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South Dakota UUs fought state abortion ban

South Dakota's UUs are risking public censure and even harassment for protesting abortion ban.
By Donald E. Skinner
3.3.06

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Protesters

Chas Jewett (left) and other Unitarian Universalists participated in the South Dakota Advocacy Network for Women's Day at the legislature, February 1. (Photo by Karen Hall)

Not even Mahala Bach’s story about being raped as an eighth grader was enough to sway South Dakota legislators who were bent on removing the right to an abortion.

Nor were the stories and efforts of many other women and men, a good number of them Unitarian Universalists, who drove for hours, walked the halls of the legislature, and protested on its steps time and again. On February 24 the legislature voted to ban nearly all abortions in the state and sent the measure to the governor who said he is inclined to sign it.

The measure directly targets Roe v. Wade, the 1973 U.S. Supreme Court decision that legalized abortion. South Dakota lawmakers believe the U.S. Supreme Court, with the addition of Justice Samuel Alito and Chief Justice John Roberts, is more likely to reverse Roe v. Wade.

“We’re all just in shock,” said Jan Snedigar, past president of the Black Hills Unitarian Universalist Fellowship in Rapid City. “We did all kinds of things to keep this from happening.” She herself was part of an interfaith group of 200 women who lobbied legislators in Pierre, the state capitol, in early February. “Our congregation was very active, but it wasn’t enough.”

Bach, also a member of the fellowship, testified at two legislative hearings. She shared her deeply personal story about being raped many years ago as an eighth-grader by a man in his 20s and about making the decision with the support of her mother, a doctor, and a counselor, to get an abortion. “I am so grateful abortion was legal and safe when I needed it,” she said in an interview last week.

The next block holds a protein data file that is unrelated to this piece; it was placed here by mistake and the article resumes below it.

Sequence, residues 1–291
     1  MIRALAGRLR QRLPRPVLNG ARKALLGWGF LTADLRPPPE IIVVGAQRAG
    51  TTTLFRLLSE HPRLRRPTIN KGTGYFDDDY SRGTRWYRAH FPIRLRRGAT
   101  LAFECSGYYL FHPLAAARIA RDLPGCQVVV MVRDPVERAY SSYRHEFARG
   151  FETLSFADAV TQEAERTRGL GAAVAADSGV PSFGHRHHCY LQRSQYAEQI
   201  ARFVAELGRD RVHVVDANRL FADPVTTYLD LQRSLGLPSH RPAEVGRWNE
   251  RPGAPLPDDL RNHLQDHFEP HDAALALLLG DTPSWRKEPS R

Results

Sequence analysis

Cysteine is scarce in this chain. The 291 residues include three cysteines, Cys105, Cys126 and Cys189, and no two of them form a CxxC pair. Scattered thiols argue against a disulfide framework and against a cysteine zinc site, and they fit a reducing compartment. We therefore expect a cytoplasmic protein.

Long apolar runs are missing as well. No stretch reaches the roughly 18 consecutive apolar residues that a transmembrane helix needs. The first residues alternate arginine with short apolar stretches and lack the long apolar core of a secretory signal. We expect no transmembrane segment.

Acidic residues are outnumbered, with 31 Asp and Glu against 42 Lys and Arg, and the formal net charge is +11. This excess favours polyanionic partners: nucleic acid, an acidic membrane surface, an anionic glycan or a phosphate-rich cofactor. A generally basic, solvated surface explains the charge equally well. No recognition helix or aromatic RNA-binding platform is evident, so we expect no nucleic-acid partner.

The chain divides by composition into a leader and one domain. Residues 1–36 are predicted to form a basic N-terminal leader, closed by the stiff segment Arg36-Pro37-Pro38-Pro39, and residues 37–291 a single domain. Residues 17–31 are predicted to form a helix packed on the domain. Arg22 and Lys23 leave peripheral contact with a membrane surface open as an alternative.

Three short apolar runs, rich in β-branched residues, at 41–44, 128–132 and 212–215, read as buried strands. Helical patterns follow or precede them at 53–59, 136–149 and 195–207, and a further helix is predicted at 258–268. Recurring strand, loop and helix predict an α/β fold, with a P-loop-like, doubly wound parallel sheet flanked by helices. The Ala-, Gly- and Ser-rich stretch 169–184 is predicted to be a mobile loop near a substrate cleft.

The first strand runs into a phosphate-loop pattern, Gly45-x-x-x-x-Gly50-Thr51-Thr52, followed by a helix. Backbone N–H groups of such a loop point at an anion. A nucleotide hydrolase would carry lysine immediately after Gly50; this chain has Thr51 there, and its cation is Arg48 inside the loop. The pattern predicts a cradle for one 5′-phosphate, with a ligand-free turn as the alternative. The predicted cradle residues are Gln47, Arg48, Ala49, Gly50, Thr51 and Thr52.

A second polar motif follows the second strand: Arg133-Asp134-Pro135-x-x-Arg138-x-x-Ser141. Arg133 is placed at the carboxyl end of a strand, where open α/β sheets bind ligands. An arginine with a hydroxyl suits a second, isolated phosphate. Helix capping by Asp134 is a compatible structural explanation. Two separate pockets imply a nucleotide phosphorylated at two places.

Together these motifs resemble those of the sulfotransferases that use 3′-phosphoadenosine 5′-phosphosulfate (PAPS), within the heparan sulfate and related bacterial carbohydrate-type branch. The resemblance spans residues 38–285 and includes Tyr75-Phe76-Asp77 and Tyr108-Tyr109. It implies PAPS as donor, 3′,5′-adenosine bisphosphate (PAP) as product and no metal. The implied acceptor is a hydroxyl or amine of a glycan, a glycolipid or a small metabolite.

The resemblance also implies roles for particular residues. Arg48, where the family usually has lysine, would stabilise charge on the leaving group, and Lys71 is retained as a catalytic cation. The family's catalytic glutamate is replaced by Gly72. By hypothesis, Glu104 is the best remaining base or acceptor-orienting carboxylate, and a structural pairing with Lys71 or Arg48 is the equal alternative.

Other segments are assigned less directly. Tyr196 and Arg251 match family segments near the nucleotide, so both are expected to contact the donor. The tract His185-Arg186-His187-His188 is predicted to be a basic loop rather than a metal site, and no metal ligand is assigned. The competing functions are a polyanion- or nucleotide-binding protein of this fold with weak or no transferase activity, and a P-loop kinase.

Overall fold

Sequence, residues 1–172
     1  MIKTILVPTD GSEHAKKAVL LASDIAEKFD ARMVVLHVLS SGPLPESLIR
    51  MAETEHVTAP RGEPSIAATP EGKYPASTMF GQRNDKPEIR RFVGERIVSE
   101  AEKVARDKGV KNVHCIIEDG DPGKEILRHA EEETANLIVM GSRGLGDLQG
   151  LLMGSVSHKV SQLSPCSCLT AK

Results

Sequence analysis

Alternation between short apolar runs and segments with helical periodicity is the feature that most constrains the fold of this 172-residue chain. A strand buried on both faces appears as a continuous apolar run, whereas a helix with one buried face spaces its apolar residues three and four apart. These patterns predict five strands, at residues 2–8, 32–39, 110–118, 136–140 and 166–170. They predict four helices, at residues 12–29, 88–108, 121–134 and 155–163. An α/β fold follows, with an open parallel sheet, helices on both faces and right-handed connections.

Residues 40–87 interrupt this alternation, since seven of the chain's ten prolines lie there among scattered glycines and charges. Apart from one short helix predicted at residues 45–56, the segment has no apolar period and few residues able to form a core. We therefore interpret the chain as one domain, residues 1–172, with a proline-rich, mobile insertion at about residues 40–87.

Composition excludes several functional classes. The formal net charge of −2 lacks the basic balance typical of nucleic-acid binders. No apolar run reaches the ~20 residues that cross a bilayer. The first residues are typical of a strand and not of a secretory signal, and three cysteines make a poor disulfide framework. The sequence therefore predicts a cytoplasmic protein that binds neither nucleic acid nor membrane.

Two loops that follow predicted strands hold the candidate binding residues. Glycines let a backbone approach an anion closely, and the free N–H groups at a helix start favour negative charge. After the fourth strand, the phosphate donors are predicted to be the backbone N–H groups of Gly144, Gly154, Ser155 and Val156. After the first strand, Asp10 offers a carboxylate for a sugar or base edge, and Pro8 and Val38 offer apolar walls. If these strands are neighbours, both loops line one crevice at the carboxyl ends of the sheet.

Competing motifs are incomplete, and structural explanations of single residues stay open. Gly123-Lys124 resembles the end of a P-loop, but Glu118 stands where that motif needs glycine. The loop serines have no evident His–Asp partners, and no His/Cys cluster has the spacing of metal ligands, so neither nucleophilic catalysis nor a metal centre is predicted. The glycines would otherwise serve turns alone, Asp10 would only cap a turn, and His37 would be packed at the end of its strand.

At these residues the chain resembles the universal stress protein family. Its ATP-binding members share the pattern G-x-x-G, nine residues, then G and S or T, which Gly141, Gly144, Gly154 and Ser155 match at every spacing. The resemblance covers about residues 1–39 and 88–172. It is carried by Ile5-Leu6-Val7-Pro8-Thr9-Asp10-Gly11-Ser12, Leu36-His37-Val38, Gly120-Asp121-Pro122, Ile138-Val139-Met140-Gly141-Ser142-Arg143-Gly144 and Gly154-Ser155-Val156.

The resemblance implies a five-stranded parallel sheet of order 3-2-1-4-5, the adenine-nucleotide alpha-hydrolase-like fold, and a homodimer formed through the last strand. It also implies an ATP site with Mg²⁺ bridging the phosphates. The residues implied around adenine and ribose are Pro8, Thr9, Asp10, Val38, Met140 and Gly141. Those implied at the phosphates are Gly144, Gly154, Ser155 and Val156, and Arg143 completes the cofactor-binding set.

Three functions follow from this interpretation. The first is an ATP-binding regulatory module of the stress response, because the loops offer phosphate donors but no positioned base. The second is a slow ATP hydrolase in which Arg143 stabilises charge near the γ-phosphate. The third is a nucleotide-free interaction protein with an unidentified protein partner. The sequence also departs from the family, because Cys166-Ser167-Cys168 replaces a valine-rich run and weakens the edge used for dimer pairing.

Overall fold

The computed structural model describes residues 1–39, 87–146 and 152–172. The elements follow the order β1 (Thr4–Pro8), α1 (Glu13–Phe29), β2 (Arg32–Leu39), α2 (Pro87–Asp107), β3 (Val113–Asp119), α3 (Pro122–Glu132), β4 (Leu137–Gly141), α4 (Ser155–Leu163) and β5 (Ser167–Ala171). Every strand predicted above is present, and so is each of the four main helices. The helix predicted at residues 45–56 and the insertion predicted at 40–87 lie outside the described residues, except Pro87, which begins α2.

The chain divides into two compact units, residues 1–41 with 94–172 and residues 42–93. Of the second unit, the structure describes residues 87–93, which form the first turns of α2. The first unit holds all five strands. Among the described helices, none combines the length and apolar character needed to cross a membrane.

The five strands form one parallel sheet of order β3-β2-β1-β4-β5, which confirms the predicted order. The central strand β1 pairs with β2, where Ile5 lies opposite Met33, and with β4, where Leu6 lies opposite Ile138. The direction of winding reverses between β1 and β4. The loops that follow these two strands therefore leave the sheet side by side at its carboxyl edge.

“This issue has gone straight to the heart of many of us in South Dakota and can be difficult to talk about,” she said. “The legislators essentially said the rights of a fetus were more important than my life.”

Bach added that the state’s tiny band of UUs—there are only 186 adults and children in three congregations—was the only organized religious opposition to the bill, and that the great distances between communities in the state was a challenge. Driving to the state capital from Rapid City takes three to four hours each way, so attending a hearing or protesting meant taking a day off work.

“This has been a loving and welcoming community and family,” she said of her fellowship, “a safe place to share my story, a place of stability. When any of us get tired of this fight all we have to do is go to the fellowship on Sunday and we feel supported and rejuvenated and we know we can and must continue.”